By Lenka Simsic
Hidden away in a dorm room lies a guitar workshop. A normal study desk nearly fits next to the wooden workbench. Not book shelves but hammers and saws hang on the wall. Showing me around her home with a timid smile, is Anna Cermelli, a second-year sciences student and luthier. Luthiery, the craftsmanship of making and repairing instruments, is Cermelli’s passion. As she points out the different instruments in the room, she relaxes and gets excited. Different from most students, Cermelli spends just as much of her time on making instruments as on studying, averaging 20-25 hours a week.
Cermelli grew up in Alessandria, a small city in the north of Italy. In middle school, she became fascinated with the cello but her parents, who thought it was “too late” to properly learn to play, urged her to pick an easier instrument. After hearing Tyler Joseph, the lead singer of Twenty One Pilots, playing a cover of “can’t help falling in love” with the ukulele, Cermelli had found her first instrument. Shortly after, she picked up the guitar following in the footsteps of her older sister. To properly learn to play the electric guitar, Cermelli needed her own instrument. The high prices of electric guitars for someone just learning to play did not stop her ambition. She simply decided to make her own. Since her parents, a biologist and a math professor, knew nothing about manual craftsmanship, Cermelli dived into the world of luthiery on her own and bought a kit, containing the body, neck and other pieces of an electric guitar, online. Guided by a manual, she assembled, spray painted and wired her dream guitar, a blue lescaster. Instead of buying a new one for 600 euros, she spent less than 300 euros and found her love for luthiery in the process.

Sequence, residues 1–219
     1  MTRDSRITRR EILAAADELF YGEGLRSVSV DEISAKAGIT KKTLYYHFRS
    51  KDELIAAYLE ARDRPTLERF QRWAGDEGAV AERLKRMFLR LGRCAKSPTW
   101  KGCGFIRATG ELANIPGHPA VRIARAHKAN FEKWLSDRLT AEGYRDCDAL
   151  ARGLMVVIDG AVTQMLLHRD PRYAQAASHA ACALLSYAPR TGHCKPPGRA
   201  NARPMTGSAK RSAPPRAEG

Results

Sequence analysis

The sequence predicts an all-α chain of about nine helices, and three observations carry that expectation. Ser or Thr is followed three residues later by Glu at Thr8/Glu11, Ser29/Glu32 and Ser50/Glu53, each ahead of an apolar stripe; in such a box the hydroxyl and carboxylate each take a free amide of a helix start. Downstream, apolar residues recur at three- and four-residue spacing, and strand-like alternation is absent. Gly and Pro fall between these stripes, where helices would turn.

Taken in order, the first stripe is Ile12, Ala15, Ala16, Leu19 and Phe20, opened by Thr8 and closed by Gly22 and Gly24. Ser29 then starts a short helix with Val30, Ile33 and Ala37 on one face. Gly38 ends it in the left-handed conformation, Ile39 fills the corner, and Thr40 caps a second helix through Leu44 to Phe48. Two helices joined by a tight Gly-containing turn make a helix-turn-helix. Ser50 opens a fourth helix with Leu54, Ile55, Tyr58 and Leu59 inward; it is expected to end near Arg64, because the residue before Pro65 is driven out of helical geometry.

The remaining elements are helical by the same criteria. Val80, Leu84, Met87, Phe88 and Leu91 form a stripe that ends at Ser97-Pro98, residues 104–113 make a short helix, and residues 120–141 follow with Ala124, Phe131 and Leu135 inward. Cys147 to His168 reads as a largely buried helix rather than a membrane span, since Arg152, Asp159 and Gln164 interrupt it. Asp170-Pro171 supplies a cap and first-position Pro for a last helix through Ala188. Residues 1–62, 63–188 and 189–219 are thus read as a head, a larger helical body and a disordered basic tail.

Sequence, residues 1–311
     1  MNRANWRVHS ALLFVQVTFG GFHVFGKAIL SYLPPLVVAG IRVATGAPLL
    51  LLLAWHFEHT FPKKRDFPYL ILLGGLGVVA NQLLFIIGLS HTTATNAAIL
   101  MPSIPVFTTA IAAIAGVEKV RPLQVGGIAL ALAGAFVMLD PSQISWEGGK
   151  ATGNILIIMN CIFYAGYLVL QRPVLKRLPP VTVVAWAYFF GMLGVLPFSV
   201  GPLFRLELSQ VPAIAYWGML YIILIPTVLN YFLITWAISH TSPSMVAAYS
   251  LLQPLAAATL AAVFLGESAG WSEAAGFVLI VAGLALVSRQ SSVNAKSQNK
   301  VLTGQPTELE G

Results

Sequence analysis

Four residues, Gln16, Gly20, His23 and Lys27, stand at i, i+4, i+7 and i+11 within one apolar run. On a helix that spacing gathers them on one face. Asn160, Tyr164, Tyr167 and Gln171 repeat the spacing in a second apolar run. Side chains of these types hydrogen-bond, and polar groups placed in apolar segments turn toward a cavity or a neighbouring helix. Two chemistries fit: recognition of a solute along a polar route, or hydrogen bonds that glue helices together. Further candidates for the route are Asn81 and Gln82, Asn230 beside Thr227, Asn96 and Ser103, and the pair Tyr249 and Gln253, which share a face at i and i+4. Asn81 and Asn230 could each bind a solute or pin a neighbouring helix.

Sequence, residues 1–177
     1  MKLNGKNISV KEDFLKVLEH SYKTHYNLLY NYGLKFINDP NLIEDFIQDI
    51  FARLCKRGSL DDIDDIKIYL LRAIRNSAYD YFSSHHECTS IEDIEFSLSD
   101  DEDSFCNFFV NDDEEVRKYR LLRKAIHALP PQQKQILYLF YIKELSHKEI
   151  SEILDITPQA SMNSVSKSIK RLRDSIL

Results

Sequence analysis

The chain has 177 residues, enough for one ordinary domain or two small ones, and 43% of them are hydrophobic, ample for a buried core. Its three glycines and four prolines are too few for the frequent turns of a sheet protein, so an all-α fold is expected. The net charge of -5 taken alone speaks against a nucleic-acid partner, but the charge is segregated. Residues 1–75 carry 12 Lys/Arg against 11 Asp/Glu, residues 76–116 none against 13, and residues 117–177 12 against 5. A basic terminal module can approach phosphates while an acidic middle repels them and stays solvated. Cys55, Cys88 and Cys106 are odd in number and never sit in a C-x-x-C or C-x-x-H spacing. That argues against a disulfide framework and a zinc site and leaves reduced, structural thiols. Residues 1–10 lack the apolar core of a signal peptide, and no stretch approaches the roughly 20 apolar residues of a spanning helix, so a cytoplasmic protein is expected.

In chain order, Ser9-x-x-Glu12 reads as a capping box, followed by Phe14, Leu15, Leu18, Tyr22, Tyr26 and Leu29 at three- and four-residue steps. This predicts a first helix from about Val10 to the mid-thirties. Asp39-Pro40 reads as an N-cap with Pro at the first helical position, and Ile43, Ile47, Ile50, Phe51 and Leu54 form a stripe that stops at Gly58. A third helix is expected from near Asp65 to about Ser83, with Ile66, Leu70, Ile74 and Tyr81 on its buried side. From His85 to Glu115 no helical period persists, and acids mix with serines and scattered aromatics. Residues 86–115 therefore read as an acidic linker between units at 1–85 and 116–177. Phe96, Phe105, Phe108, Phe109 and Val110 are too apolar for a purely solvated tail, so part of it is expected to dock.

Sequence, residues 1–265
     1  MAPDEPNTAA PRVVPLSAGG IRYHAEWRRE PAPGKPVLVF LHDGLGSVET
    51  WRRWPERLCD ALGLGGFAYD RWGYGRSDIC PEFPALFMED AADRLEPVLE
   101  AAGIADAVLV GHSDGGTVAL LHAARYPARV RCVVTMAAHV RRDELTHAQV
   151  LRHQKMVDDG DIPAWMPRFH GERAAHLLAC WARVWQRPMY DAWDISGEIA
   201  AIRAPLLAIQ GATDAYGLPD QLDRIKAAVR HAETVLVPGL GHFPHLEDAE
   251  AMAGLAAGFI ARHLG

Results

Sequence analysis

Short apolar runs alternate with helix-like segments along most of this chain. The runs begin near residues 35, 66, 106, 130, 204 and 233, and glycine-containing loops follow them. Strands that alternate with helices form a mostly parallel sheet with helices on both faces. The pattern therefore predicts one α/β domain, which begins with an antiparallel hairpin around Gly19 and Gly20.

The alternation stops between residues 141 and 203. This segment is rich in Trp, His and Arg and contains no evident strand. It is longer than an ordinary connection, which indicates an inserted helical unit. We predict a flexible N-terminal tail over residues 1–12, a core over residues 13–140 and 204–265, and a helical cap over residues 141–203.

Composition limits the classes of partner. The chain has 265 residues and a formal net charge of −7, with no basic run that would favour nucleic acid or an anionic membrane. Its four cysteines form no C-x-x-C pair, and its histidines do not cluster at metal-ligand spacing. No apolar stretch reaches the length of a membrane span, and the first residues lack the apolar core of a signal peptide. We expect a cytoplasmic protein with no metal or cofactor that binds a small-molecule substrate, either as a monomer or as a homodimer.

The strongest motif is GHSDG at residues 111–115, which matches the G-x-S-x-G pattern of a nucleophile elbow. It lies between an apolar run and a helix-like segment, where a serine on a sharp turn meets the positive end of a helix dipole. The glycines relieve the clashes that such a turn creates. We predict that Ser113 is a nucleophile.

Her first fully homemade instrument was a cajon. Lacking the skills she has now, the wooden drum sounded horrible, but Cermelli kept going. She went from repairing guitars to making her own from scratch. Her first handmade electric guitar is the one she is still most proud of. The high quality wood and components added up to 600 euros, but she decided to invest in it as a big present for herself. For the last few months of high school, she went to sleep and woke up thinking about it. Reminiscing, she says, “I have a lot of memories of building it. It was a huge Odyssey to actually find out the proper way to make the instrument.”
The process starts with designing, researching and ordering the best price-value materials. Only then does the actual woodwork start. Cermelli enjoys the process of making an instrument, but acknowledges that it can be hard to not rush through it. She chuckles and says, “Usually when I am halfway through the build, I am already thinking of a new instrument to make”.
Through luthiery, Cermelli has become more patient and learned to slowly tame her perfectionism. Alecta Ugnė Preikšaitė, a second-year Humanities major and Cermelli’s girlfriend, says, “She would get really consumed by it emotionally.” She remembers it was difficult for Cermelli to look past the flaws of her nearly finished instruments, especially knowing she put so much time and effort into it. Now Preikšaitė can tell that it’s easier for Cermelli to push through. When Cermelli finally finishes an instrument, it makes it all worth it. She says, “the best moment is when you finally put the strings on and you hear the sound for the first time. It’s like, ‘wow, I have been waiting six months for this.’”